Tempo and Mora in Phonological Change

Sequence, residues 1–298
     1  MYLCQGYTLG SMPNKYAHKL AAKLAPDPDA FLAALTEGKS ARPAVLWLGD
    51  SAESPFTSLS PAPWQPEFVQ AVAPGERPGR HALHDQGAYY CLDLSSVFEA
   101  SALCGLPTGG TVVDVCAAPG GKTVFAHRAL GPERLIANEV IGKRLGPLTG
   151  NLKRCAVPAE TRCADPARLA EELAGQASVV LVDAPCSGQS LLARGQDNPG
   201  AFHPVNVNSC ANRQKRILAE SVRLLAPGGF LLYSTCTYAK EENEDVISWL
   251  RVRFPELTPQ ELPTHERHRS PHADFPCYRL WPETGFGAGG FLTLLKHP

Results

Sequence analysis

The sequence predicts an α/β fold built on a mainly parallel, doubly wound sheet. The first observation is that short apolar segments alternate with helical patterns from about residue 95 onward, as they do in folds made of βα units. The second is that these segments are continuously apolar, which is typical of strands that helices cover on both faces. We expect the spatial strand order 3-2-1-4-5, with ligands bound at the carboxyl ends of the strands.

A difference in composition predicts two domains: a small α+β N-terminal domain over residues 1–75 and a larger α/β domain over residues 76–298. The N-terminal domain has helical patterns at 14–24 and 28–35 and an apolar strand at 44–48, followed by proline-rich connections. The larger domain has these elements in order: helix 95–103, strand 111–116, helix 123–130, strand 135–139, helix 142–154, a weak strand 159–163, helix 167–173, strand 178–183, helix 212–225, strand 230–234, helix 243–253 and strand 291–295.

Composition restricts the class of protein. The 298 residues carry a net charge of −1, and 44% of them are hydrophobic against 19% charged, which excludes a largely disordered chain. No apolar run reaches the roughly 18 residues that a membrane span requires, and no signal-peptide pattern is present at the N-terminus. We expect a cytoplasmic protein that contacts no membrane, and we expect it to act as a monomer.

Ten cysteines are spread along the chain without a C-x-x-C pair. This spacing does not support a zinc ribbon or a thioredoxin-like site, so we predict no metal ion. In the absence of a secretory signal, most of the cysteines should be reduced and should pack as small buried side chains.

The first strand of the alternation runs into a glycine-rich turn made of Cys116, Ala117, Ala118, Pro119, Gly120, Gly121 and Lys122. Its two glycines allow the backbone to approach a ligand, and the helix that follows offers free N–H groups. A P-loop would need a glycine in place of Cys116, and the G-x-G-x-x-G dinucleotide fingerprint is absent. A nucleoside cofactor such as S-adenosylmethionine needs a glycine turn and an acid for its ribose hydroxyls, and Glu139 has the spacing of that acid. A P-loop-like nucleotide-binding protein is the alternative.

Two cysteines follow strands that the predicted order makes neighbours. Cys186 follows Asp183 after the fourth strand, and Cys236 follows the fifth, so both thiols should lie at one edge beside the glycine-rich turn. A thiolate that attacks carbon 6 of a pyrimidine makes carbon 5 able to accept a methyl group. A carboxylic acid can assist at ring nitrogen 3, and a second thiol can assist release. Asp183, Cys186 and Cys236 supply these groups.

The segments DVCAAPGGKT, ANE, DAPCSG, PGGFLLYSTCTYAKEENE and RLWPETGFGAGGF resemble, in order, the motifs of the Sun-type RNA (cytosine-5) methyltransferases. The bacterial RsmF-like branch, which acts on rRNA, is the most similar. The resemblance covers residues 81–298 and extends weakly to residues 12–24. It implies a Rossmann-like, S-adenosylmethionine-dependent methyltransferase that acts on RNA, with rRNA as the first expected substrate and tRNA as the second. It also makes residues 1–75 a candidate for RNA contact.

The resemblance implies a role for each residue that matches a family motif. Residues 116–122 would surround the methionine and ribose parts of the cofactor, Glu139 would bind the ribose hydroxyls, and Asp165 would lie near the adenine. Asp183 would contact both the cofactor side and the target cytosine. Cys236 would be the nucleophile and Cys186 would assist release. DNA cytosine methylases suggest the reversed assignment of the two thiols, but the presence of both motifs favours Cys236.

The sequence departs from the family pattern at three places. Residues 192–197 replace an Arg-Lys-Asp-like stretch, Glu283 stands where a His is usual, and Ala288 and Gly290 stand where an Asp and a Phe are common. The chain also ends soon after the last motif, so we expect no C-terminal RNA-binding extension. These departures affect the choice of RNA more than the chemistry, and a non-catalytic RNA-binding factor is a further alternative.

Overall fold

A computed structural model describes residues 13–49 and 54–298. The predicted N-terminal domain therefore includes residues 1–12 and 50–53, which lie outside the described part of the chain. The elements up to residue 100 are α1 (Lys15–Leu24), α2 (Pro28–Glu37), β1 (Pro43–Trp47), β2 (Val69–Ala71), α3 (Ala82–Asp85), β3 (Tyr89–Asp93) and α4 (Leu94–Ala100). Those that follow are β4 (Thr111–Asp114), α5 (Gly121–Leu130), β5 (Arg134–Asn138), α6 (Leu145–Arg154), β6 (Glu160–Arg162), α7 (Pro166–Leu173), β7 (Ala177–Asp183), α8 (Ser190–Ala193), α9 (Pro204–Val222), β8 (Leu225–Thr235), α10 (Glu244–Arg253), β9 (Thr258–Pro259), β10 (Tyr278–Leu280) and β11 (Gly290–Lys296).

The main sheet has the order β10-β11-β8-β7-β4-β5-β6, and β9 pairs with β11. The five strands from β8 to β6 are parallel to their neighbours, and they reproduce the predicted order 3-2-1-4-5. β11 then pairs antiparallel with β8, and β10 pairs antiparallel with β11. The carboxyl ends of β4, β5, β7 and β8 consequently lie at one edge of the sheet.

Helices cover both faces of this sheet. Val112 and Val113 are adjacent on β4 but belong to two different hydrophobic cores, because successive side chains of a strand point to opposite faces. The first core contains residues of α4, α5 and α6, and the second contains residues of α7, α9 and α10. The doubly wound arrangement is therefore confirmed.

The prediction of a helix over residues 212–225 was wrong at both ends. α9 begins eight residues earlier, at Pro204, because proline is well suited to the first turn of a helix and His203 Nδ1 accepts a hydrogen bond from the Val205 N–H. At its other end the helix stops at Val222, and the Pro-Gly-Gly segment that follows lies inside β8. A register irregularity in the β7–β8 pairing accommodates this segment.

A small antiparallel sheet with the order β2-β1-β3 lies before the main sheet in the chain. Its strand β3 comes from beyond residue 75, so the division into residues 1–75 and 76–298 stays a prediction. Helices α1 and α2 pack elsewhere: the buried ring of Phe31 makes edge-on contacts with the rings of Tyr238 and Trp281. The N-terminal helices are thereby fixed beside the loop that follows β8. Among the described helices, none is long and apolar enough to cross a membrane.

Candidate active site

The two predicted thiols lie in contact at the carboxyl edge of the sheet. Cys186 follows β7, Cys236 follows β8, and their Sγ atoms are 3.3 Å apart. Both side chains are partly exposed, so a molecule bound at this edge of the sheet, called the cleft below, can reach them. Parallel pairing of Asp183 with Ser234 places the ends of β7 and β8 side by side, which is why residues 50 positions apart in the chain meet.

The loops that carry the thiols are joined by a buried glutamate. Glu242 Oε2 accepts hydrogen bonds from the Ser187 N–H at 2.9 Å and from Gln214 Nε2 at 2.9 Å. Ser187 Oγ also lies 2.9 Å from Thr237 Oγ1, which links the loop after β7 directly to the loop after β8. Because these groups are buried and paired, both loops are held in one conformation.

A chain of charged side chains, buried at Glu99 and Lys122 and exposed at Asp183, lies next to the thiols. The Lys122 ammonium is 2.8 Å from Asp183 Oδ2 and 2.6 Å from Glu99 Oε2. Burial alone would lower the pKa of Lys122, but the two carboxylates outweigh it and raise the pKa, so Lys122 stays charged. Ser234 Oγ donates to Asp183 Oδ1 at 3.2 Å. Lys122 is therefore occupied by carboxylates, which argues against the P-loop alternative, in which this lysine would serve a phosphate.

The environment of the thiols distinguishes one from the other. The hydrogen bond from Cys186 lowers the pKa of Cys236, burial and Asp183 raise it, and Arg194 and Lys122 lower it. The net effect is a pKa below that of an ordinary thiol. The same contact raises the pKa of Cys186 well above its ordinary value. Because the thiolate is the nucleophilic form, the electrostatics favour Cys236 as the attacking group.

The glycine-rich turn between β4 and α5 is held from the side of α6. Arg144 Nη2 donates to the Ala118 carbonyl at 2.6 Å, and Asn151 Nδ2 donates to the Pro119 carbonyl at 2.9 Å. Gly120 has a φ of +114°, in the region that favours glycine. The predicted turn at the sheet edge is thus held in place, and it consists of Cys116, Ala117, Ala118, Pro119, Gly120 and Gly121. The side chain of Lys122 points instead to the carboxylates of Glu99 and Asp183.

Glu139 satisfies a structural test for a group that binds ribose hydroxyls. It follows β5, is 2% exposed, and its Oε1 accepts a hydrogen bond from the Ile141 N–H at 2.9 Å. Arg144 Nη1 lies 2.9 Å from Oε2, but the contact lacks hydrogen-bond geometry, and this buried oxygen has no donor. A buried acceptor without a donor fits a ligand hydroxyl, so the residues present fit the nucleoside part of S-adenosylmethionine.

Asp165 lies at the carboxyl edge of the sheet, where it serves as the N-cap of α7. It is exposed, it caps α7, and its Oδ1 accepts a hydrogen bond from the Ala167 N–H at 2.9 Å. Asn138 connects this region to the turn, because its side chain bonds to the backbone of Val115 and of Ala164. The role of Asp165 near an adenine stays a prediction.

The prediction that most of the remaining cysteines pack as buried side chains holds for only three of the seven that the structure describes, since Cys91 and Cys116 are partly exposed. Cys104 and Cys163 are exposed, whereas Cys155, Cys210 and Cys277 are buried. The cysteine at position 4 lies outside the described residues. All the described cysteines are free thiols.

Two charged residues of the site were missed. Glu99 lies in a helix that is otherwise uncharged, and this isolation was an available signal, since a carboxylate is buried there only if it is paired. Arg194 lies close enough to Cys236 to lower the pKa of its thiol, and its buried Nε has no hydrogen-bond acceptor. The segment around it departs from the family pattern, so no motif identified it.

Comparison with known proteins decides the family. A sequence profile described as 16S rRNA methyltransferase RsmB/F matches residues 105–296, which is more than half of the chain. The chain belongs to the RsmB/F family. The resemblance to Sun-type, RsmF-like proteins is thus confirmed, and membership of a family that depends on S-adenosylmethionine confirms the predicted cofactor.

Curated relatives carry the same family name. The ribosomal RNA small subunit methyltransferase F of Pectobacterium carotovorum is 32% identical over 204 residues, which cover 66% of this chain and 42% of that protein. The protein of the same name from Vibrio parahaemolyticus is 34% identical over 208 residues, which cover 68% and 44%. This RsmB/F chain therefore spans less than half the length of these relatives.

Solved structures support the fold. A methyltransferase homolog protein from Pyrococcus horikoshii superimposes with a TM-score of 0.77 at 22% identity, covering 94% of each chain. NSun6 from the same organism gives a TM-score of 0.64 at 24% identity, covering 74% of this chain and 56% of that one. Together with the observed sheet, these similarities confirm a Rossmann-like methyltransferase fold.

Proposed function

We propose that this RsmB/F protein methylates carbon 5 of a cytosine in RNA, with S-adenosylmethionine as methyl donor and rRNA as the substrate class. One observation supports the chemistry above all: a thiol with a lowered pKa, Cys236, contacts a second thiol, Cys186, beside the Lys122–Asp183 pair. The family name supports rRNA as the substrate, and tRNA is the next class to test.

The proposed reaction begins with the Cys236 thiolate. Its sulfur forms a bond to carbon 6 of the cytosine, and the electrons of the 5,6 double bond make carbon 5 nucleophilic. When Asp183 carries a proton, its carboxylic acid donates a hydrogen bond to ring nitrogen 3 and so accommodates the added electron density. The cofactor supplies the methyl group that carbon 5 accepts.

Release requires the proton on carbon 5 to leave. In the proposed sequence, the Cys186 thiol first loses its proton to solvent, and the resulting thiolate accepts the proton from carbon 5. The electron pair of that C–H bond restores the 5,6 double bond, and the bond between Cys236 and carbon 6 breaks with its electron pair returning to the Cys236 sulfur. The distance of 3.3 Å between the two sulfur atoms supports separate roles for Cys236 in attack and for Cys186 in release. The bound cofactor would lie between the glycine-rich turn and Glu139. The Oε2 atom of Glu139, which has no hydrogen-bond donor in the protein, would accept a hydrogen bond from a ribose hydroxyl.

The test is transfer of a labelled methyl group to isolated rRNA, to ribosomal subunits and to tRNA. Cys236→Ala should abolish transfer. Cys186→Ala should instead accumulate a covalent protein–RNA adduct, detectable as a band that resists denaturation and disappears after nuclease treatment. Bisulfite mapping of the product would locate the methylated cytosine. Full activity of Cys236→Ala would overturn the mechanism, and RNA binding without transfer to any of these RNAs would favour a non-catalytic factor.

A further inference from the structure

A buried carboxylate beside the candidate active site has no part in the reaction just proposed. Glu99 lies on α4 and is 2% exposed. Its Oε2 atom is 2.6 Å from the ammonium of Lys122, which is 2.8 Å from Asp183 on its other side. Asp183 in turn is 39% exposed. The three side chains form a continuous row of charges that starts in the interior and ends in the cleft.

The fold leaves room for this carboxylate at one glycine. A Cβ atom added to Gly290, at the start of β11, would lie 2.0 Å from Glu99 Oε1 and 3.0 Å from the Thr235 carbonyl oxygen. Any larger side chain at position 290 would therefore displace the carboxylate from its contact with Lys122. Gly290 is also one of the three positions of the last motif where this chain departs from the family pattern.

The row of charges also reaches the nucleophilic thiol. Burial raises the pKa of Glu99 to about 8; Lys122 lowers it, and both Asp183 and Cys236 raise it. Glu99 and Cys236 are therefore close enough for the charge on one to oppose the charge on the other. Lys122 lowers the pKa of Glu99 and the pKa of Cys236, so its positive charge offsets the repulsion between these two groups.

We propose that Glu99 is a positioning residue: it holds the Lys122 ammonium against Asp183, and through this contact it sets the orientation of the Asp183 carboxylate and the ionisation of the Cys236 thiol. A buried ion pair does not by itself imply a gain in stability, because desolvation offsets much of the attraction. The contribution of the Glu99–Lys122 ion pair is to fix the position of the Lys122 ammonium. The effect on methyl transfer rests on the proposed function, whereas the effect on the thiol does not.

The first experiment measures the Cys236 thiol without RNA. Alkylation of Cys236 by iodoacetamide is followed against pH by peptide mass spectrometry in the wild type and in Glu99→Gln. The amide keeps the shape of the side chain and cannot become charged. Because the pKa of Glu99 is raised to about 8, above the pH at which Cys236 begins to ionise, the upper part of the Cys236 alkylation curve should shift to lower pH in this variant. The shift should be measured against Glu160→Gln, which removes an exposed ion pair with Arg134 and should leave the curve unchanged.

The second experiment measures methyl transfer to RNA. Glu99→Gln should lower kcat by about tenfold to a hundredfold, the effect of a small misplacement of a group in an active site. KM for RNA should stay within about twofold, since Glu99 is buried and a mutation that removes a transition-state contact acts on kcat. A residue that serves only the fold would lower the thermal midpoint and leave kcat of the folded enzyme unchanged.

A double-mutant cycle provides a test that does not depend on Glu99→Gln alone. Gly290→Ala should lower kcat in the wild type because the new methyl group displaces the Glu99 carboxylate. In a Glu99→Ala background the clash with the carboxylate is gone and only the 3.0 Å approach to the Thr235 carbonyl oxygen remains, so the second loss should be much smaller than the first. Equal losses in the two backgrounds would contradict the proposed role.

Words of more than two syllables tend toward moraic balance, while even those are subject to the acceleration processes that yield triplet formation. Triplets tend to shorten to disyllables, which in Ancient Greek, where all disyllables are stable, acquire duple timing when not inhibited by semantic or morphological considerations. This mora‐preference hierarchy is applied to the solution of problems in sound change, particularly in Latin, Greek, and Germanic. Stressed open syllable lengthening can be ranked higher than disyllabism. Different rankings follow from the instability engendered by competing processes. This unified account sheds light on problems as diverse as word localization in poetry, syncope, iambic shortening, monosyllabic lengthening, trisyllabic contraction, and even some consonantal changes, such as assibilation in Ancient Greek, Hittite, and Finnish. Finally, implications are adduced for optimality of the trochaic foot.
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